Developer diary 1

Because I created my heterocyst simulation a long time before I got a blog, I can't write about my progress in creating the simulation. However, I have collected some fragments of some emails I sent Guy while I was working on the program. Some of the analysis I write about, and include in later updates. I also found a brief history of the program at the top of the code. As you can see it took me quite a long time to get anywhere.

Jul 04  Got working with simpler reactions
Aug 04  Added enzyme kinetics and diffusion
Oct 04  Added protein degradation and transcription factors
Jan 05  Tidied enzyme and metabolite variables; added replication
Jan 05  Changed regulation system and added (im-/ex- portable) genetics
Feb 05  Integrated crossing program for evolution
Feb 05  Changed regulation to consensus system and separate inhibitors

July 2004

Wikipedia has no results for heterocysts. I'm tempted to write one later.

I did write one later; it's here. It remains one of the few articles that I've created from scratch.

20th January 2005

Those damn heterocysts kept me up until passed 4 the other morning. I can't remember why, but it probably had something to do with avoiding work, that I decided to look at my heterocyst program again and mess about with it. I managed to sort a few things out and of course thought of hundreds more things I should do...

... just as I hope to evolve some heterocysts some day.

30th January 2005

I finally got my heterocysts to replicate and spontaneous form along the growing filament at regular intervals. It's mesmerising to watch them appear, which is why I've spent most of the day staring at a screen of numbers and coloured boxes with excitement. I've also managed to generalise lots of variable for the regulation system and so I've started a little evolution. Of the fifteen mutants of my original heterocyst, three performed ever so slightly more efficiently (grew faster), and loads performed terribly. I think it will take hours to get any really nice results, especially as you need quite a large population for any decent evolution. And loads of generations.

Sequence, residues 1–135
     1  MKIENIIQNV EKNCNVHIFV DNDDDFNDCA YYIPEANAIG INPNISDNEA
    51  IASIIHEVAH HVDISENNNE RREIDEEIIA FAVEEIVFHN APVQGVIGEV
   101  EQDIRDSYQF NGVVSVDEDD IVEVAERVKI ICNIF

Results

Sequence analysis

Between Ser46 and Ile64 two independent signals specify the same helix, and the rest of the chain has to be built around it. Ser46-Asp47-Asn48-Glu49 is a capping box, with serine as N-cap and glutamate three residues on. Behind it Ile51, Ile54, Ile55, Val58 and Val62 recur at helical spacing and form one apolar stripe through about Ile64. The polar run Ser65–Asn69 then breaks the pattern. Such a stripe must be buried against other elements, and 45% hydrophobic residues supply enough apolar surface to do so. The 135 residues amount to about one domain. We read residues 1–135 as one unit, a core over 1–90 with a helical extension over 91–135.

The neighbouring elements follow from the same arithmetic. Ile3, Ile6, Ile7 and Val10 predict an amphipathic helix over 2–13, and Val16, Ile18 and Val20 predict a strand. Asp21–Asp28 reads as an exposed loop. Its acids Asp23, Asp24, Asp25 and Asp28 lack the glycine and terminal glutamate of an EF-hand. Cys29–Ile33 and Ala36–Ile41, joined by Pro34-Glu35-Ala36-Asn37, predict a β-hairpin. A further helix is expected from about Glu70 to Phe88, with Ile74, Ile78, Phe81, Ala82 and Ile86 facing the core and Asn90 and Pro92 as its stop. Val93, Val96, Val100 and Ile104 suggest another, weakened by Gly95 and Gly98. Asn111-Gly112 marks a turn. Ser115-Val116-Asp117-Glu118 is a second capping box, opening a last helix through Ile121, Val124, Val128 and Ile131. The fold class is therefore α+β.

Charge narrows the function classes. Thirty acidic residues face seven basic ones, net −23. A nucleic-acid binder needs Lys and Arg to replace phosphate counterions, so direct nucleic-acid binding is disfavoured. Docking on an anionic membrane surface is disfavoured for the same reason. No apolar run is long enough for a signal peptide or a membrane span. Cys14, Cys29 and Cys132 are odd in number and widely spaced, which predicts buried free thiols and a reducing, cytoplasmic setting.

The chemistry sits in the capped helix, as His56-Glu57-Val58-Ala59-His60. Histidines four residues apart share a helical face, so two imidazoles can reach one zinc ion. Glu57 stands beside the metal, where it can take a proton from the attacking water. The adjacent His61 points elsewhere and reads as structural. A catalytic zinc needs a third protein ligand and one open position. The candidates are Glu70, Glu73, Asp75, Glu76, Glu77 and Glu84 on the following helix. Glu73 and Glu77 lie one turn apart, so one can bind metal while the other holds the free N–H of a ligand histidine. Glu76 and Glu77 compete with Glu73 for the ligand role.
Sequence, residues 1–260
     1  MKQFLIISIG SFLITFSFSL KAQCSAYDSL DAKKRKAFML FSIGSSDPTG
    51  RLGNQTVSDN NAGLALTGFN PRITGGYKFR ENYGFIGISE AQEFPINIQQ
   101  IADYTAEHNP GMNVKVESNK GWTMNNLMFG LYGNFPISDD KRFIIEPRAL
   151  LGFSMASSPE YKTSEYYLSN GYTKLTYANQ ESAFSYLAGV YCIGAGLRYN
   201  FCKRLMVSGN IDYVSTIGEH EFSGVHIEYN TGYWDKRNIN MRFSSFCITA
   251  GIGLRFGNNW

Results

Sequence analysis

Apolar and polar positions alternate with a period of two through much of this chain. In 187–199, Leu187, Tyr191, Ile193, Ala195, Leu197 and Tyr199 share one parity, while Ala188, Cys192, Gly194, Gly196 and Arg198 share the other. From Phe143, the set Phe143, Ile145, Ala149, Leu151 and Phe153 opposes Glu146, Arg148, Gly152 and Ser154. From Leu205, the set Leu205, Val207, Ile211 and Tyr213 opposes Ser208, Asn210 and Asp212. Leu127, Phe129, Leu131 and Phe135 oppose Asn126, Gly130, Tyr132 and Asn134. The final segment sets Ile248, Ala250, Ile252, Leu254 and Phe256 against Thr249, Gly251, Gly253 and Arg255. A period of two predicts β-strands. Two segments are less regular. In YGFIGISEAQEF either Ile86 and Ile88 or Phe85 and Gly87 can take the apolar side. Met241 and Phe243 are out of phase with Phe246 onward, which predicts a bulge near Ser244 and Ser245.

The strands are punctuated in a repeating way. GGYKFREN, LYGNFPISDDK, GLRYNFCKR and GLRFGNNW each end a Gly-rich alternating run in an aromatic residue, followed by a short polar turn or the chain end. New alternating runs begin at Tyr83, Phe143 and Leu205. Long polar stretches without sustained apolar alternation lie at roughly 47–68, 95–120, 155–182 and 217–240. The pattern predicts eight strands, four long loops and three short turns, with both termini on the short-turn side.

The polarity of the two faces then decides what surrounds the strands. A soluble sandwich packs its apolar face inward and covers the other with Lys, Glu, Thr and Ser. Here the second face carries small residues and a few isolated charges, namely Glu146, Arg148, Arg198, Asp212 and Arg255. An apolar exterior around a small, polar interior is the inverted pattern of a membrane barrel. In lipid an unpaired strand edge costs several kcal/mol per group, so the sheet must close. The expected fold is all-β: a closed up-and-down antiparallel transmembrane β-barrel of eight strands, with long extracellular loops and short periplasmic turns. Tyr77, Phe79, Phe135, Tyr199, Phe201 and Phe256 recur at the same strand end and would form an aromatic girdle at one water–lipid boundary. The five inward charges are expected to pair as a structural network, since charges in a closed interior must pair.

It would be nice to start with no regulation system and try and evolve it, but that would take a long time.

7th Feburary 2005

My heterocyst evolution program is becoming more and more autonomous, so I can leave it evolving all day while I am at lectures. And they're doing well. It's amazing how fast they seem to improve. I wonder if they'll reach a limit some time soon.

8th Feburary 2005

I may email you stuff about heterocyst evolution that I have found. Last night, there was a great, super fast mutation, but after the program had been running for hours and I stopped the program to copy the data to Excel, I accidentally ran the program again, re-writing all the data. Man, I was annoyed. Fortunately, I have since got a mutation that I think is as fast, and if not another generation should do it. I suppose in all of evolution fit individuals have been unlucky (struck by lightening or whatever), so this just mimics that.

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